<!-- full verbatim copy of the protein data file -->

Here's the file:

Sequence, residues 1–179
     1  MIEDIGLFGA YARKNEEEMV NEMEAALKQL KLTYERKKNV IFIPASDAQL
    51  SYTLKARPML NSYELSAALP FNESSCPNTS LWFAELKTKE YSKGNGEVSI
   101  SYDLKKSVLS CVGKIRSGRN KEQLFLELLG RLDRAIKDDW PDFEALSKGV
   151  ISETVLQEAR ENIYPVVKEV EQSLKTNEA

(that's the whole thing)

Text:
Sequence, residues 1–179
     1  MIEDIGLFGA YARKNEEEMV NEMEAALKQL KLTYERKKNV IFIPASDAQL
    51  SYTLKARPML NSYELSAALP FNESSCPNTS LWFAELKTKE YSKGNGEVSI
   101  SYDLKKSVLS CVGKIRSGRN KEQLFLELLG RLDRAIKDDW PDFEALSKGV
   151  ISETVLQEAR ENIYPVVKEV EQSLKTNEA